Trump Blames Cuba for Sonic Attacks


Sarah Rogers

For a year, there have been ultrasonic waves injuring American and Canadian diplomats in Havana, Cuba. This began in November of 2016 when blasts of infrasonic waves hit innocent diplomats and the symptoms of traumatic brain injuries started to appear. Medical records show that these symptoms can include nerve injury, loss of hearing and nausea. Less than a year later the news came out to the public.

We hold the Cuban authorities responsible for finding out who is carrying out these health attacks on not just our diplomats but, as you’ve seen now, there are other cases with other diplomats involved,” Secretary of State Rex Tillerson said in August.

The Cuban government is supposed to responsibly protect the diplomats as there is Cuban security outside the U.S embassy and ambassador’s residence. But, a new statement has totally turned the situation. On October 29, Foreign Minister Bruno Rodriguez of Cuba disregarded the allegations of the sonic attacks and that they were “totally false”. Washington Itself has not blamed Cuban Government for the sonic attacks but, US President Donald Trump said in mid-October that he holds Cuba responsible for the attacks.

“When I was in Havana, Cuba in February 2017 at the American Ambassador’s Residence the current ambassador there, Jeffrey Delaurentis, was in charge of the current affairs,” Frances Rogers said. “He then said that the diplomatic staff has not been harassed, but they have been excluded from many Cuban events.”

But now, President Trump said on that he blames the Cuban government for a mysterious series of possible sonic attacks on U.S. diplomatic personnel assigned to Havana. Trump has gone against the Obama administration and has reversed the progress that Obama was trying to progress.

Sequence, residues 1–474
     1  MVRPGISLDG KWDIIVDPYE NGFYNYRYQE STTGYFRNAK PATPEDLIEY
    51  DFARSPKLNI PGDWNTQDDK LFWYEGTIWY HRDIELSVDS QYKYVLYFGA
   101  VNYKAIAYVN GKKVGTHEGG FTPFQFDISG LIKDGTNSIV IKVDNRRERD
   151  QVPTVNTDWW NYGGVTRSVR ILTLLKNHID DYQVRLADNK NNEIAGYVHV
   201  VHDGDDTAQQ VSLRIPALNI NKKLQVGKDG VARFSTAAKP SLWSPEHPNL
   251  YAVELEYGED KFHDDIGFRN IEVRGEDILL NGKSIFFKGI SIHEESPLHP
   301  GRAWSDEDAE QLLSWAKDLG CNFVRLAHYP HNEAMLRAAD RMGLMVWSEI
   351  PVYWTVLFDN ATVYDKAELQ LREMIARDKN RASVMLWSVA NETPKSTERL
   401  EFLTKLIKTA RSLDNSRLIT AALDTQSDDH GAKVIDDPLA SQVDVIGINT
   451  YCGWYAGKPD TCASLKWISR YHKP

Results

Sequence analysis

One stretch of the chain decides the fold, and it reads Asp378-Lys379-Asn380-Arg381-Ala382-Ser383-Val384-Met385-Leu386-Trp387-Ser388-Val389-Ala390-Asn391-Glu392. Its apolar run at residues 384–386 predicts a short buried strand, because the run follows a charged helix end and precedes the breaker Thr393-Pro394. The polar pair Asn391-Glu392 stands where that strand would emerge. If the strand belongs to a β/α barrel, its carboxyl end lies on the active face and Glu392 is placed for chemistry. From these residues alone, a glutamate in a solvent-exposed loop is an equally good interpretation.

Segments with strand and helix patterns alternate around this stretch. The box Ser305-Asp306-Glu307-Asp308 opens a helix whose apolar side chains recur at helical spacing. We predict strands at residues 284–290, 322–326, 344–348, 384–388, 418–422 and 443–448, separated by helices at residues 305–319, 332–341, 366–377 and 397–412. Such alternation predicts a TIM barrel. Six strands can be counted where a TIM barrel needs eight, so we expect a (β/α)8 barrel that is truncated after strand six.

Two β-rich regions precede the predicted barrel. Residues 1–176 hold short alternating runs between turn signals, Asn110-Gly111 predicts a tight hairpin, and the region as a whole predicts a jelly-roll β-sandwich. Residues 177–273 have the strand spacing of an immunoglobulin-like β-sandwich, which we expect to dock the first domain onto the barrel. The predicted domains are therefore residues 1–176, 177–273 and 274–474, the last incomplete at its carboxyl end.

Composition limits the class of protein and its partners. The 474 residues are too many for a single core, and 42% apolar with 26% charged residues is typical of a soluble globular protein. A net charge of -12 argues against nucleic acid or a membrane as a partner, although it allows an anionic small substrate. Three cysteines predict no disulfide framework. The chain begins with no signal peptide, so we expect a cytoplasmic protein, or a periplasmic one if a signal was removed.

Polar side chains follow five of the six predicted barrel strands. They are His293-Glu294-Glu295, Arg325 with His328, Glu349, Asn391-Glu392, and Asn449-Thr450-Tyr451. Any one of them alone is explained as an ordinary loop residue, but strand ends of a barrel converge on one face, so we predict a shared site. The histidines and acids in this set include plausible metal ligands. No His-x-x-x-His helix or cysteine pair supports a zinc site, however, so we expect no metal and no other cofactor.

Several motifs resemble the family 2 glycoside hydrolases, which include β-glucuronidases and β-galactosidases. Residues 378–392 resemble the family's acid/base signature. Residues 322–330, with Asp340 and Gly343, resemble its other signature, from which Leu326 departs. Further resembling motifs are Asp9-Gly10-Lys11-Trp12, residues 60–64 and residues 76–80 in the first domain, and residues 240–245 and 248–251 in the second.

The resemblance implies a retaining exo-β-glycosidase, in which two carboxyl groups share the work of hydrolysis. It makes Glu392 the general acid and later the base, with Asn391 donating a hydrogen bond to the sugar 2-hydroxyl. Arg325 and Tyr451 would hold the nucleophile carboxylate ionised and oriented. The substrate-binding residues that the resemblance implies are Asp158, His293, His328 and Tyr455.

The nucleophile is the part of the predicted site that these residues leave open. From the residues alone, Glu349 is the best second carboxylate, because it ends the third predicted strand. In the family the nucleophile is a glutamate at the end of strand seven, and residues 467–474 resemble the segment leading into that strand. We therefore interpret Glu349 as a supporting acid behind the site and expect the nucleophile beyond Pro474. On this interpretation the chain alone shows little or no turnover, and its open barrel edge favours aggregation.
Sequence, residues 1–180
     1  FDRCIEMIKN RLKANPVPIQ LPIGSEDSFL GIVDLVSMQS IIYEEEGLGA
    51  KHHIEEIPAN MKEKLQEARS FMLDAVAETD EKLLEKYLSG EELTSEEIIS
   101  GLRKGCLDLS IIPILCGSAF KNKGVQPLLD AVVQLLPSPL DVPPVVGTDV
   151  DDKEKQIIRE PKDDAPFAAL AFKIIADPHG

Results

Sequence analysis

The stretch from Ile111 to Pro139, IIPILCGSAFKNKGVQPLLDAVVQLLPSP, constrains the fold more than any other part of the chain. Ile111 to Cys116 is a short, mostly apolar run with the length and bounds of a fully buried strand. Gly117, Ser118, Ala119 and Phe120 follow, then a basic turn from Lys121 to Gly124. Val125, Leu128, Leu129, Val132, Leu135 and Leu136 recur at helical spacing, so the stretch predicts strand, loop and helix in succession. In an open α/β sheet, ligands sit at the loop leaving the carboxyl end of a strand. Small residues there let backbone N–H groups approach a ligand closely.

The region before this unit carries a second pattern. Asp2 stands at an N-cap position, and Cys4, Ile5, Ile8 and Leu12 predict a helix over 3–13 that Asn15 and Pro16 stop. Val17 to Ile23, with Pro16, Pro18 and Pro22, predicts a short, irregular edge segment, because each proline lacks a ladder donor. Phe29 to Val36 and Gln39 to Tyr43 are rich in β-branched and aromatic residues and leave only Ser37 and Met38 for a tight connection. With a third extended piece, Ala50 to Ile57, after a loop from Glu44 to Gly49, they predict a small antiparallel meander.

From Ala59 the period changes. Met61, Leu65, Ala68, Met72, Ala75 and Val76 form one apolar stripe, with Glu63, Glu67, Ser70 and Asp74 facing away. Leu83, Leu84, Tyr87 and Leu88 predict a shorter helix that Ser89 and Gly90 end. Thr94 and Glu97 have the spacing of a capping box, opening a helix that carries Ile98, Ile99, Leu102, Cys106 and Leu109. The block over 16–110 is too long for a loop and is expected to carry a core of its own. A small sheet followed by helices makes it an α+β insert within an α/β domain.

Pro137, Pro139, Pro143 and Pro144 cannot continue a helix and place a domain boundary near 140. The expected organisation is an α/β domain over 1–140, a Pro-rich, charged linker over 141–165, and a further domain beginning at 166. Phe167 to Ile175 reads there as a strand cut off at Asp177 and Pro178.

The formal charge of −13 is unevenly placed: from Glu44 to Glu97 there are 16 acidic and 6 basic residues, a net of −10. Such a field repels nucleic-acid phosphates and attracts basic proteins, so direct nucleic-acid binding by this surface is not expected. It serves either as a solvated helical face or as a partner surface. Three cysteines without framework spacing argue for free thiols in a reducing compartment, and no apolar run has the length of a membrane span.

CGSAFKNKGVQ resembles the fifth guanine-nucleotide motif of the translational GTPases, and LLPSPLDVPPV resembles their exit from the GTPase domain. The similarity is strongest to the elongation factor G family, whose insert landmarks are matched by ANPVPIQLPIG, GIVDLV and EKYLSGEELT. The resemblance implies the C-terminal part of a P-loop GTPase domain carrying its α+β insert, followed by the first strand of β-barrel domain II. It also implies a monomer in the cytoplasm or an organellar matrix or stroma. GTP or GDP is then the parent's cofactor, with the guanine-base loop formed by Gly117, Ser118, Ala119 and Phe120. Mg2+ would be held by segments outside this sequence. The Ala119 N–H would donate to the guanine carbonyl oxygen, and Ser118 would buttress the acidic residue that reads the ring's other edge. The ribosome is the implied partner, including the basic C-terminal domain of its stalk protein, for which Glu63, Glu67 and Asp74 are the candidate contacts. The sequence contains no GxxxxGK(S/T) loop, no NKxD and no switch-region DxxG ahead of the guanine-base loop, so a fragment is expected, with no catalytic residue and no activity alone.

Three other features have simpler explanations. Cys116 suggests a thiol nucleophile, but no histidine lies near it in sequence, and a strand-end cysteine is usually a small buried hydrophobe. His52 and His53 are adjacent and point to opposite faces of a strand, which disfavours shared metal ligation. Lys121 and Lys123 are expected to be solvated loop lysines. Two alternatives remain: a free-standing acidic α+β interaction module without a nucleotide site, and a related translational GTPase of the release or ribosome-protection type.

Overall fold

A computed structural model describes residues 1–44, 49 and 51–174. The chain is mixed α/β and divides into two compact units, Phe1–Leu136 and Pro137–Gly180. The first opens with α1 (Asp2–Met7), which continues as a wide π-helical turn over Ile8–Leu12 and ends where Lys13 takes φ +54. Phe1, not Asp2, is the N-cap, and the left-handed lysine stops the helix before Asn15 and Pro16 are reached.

Medical records show American doctors diagnosed victims with hearing loss, mild traumatic brain injury and likely nerve damage.

“Sound that we can’t hear–both ultrasonic, above our hearing range, and [infrasonic] below our hearing range–can damage hearing too,”  Dr. Michael Hoa, an ear surgeon at Georgetown University Hospital, said.

After this news became available to the public, two Cuban embassy officials were asked by the U.S to leave the country on May 23. Neither the embassy nor the Cuban mission to the United Nations has responded to numerous phone calls and e-mails for comment. A number of diplomats from around the world have cut short their assignments in Cuba because of the attacks.

The U.S promises to hold Cuba responsible for the protection of the diplomats, but there are signs that the U.S could be privately moving forward with plans to make future travels to Cuba easier for Americans.